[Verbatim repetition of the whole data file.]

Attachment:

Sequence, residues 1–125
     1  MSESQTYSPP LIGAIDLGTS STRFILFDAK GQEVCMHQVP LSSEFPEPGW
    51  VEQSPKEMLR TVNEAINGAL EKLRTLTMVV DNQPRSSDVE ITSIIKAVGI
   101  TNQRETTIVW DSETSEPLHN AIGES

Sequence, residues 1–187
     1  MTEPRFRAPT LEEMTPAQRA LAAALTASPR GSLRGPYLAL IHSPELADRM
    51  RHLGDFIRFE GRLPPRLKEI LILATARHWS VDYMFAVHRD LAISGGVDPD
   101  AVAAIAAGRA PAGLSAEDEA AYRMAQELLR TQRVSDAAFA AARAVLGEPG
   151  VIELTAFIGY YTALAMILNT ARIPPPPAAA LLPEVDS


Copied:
Sequence, residues 1–125
     1  MSESQTYSPP LIGAIDLGTS STRFILFDAK GQEVCMHQVP LSSEFPEPGW
    51  VEQSPKEMLR TVNEAINGAL EKLRTLTMVV DNQPRSSDVE ITSIIKAVGI
   101  TNQRETTIVW DSETSEPLHN AIGES

Sequence, residues 1–187
     1  MTEPRFRAPT LEEMTPAQRA LAAALTASPR GSLRGPYLAL IHSPELADRM
    51  RHLGDFIRFE GRLPPRLKEI LILATARHWS VDYMFAVHRD LAISGGVDPD
   101  AVAAIAAGRA PAGLSAEDEA AYRMAQELLR TQRVSDAAFA AARAVLGEPG
   151  VIELTAFIGY YTALAMILNT ARIPPPPAAA LLPEVDS